Palace ‘can’t implement’ UN reco, says rights report ‘faulty’ | Inquirer News

Palace ‘can’t implement’ UN reco, says rights report ‘faulty’

/ 05:26 AM June 07, 2020

MANILA, Philippines — Malacañang said on Saturday that the United Nations human rights office had come to “faulty conclusions” about the situation in the Philippines, which was why the government “cannot commit to the full implementation” of its recommendations for the country.

The United Nations on Wednesday released a report on the human rights situation in the Philippines that cited the “near impunity” of police and other top officials in the administration’s war against illegal drugs.

“The Philippine Government notes the recommendations made by the UN Office of the High Commissioner for Human Rights (OHCHR), but cannot commit to their full implementation given the faulty conclusions on which they were premised, among them the alleged violations of the right to life, the supposedly arbitrary deprivation of liberty of those involved in drug cases, the alleged violations of the right to health, and the implication that Filipino civic space is being destroyed by the focus given to public order and national security. We firmly reject these conclusions,” presidential spokesperson Harry Roque said in a statement.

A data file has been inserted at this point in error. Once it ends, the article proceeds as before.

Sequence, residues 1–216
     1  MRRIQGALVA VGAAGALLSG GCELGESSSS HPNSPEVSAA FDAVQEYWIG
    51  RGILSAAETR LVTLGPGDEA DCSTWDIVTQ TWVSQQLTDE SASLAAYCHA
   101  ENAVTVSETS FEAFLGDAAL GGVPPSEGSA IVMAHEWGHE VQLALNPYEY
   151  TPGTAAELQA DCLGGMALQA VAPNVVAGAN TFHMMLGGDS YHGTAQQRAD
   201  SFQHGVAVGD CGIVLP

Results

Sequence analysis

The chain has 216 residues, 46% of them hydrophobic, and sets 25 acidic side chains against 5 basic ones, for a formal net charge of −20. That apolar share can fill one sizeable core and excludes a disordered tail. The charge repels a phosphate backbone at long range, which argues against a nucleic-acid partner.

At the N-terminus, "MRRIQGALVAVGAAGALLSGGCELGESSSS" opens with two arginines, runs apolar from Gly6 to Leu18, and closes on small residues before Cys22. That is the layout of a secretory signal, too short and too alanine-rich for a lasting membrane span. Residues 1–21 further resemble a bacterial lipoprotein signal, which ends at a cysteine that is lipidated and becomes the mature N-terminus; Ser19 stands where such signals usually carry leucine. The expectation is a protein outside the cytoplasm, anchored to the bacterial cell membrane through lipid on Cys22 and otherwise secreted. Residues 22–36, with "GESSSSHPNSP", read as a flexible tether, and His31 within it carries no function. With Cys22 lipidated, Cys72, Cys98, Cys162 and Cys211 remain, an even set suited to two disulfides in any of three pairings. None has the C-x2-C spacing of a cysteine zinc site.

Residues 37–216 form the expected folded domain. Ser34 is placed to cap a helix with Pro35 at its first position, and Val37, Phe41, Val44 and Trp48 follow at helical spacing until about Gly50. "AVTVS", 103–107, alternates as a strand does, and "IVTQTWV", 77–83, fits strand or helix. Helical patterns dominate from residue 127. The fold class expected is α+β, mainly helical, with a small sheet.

But the administration will respect its international legal obligations, including those that concern human rights, he added.


According to Roque, the government follows the rule of law and respects the autonomy of the courts, and that erring law enforcers and state forces are dealt with properly.

There is no truth to the UN agency’s claims that the Philippine government is stifling dissent, he added.

“The OHCHR’s conclusions regarding the supposed crackdown on critical advocates is belied by its own findings that the ‘Philippines has a long-standing, robust tradition of human rights advocacy and civil society activism, with 60,000 registered nongovernmental organizations,’” Roque said.

The UN agency has been calling out the abuses and killings that, it said, have defined the Duterte administration’s campaign against drugs. The criticisms have not sat well with President Duterte who had threatened to withdraw from the UN human rights council.

The Commission on Human Rights meanwhile expressed concern over the arrest early this week of six jeepney drivers in Caloocan, who were charged with violating quarantine rules when they protested the ongoing ban on jeepney operations even under general community quarantine guidelines.

—With a report from Patricia Denise M. Chiu

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TAGS: Harry Roque, OHCHR, Rodrigo Duterte

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